The microbiota of the human gastrointestinal tract plays a key role in nutrition and health. A delicate balance exists between the human intestinal microflora and its host. Upset of this community structure may lead toward undesirable immune reactions or bowel conditions. Many different environmental factors may affect the gut microbial ecology in children; these include food, formula feeding, medication, and childbirth C-sections. It is therefore important that infant’s and children’s gut microflora be supported with probiotics and prebiotics. Probiotics are supplemental live, beneficial intestinal micro-organisms for gastrointestinal health and immune support. Probiotics have been shown to exert a beneficial support through modification of the immune system host via the gut environment. Clinical trials also suggest that the exposure to healthy microbes through the gastrointestinal tract powerfully shapes immune function.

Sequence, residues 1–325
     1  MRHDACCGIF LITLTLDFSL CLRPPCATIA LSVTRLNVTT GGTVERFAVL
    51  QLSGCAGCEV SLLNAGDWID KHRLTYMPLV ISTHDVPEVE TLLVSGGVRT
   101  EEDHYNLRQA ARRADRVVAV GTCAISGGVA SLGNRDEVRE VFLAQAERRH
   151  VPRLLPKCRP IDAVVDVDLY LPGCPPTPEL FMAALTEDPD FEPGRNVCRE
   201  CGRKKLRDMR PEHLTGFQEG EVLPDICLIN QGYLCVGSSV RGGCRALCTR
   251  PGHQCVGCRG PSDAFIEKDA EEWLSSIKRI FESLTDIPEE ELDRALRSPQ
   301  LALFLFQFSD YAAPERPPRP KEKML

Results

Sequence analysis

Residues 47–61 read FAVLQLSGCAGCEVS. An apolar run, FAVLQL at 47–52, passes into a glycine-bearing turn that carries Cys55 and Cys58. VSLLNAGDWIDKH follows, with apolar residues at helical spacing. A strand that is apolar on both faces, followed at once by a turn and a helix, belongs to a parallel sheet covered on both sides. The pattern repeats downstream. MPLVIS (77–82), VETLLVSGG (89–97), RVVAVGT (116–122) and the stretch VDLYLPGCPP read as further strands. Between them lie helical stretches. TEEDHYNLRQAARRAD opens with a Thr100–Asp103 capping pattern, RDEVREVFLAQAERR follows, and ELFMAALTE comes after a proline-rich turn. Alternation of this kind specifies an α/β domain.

Multiple studies have indicated that multi-strain probiotic blends with lactobacilli and bifidobacterium can provide optimal support for a diverse range of health needs.ƒ Bifidobacterium longum BB536 has been clinically researched in infants and children for immune support by neutralizing the pH of the intestinal tract allowing beneficial microflora to flourish and supporting an environment in which less desirable microflora have a more difficult time surviving. According to studies, healthy infants compared with babies who developed allergies were less often colonized with bifidobacteria during the first year of life. Research shows healthy toddlers consuming synbiotics (probiotic and prebiotic) may contribute to normal growth and promote favorable gut colonization. scFOS, also called short chain fructooligosaccharides, are prebiotics that have short molecular chains. They function as non-digestible fiber that can positively affect selected groups of beneficial intestinal microflora, such as lactobacillus. While probiotics merely add beneficial microflora, prebiotics influence the intestinal environment so that beneficial colonies of microflora can flourish. By aiding the beneficial microflora’s survival, less desirable microflora can have a decreased chance of survival.